Programmatic display: essential ‘breakwater’ for moving opted-in leads toward closed business

Ken Lordy

With Ken Lordy, Senior Vice President, Product Management, True Influence

Programmatic display advertising is a staple of B2B marketing. We often say here at True Influence that programmatic lifts all your marketing efforts, from market sizing to brand awareness to high- and mid-funnel engagement.

And programmatic display ads’ value doesn’t end when a prospect opts into a first-party relationship with your company. Smartly targeted display ads enforce your value proposition throughout the purchase journey, both at the individual and account level, even after your sales team engages with a key decision-maker.

In this post, I’ll look at the best uses of programmatic display advertising after a prospect opts-in to a first-party relationship with your company. Some display campaigns should focus on the persona of the opted-in lead, while others should aim to move the entire account toward a purchase decision. But in every case, programmatic acts to reinforce your brand and message and make your direct marketing and sales efforts more effective.

One-to-one messaging is still King in marketing

Before I go any further, let me say that personalized email is, by far, the most effective channel to move an opted-in prospect toward a purchase decision. For starters, you can address the prospect by name. And you can tailor your messaging, both in text and supporting graphics, with all the explicit, one-on-one behavioral data you can gather after they opt-in.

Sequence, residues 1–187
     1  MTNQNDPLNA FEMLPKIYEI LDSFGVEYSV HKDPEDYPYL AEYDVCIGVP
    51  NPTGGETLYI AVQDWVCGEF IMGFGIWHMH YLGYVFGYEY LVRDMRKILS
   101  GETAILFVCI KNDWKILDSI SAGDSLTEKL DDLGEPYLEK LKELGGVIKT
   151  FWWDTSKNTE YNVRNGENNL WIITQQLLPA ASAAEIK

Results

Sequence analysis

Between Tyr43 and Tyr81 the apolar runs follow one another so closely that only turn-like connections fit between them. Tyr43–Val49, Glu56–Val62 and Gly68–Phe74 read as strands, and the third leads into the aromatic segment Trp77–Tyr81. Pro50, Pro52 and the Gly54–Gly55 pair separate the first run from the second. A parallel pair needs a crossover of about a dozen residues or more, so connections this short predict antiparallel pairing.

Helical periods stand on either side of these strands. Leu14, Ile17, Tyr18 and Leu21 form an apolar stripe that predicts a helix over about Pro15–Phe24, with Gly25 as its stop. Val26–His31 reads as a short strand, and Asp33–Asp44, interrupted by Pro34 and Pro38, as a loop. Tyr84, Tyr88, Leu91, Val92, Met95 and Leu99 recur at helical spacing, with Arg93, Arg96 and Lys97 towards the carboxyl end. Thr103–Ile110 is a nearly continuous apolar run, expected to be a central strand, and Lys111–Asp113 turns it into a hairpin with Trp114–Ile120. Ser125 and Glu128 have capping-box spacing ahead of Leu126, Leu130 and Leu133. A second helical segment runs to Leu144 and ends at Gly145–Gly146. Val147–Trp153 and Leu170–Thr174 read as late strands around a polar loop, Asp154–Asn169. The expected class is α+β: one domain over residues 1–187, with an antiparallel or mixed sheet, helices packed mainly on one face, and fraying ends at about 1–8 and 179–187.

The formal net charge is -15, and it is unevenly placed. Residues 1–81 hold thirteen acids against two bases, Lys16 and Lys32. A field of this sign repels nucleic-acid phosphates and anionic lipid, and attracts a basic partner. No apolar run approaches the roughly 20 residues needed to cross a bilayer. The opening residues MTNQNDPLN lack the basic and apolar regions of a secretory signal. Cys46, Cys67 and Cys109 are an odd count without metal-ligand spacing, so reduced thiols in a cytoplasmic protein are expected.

In an email:

“Hello, Sara. I just wanted to remind you of the webinar we have coming up tomorrow afternoon. The author of our whitepaper, which I see you downloaded, will be on hand to answer your questions …”

Is a pretty compelling opening. You just can’t replicate that with display advertising, no matter how deftly you segment your audience and craft your creativity.

With display, you are targeting the general personas that you know fit into your Buying Group models and Account-based Marketing (ABM) and sales strategies. Depending on your DSP, you can also target on a device level, but again, email is still a better choice for that one-on-one connection.

Programmatic display’s real strength is the ability to create background buzz, if you will, for the response you are trying to create with email (or voice or even direct mail – we here at True Influence are firm believers in multi-channel campaigns). Programmatic is a breakwater. When it’s time to take that next step, prospects will be familiar with your brand, or your specific pitch, depending on where they are in their purchase research. And that comfort level will yield better results.

Do I focus on brand or offer

My last statement raises an interesting question about the content of your display advertising: Should I stay broad and focus on brand awareness, or push the next offer I have queued up for the prospect?

As always, the correct answer is that it depends on your audience.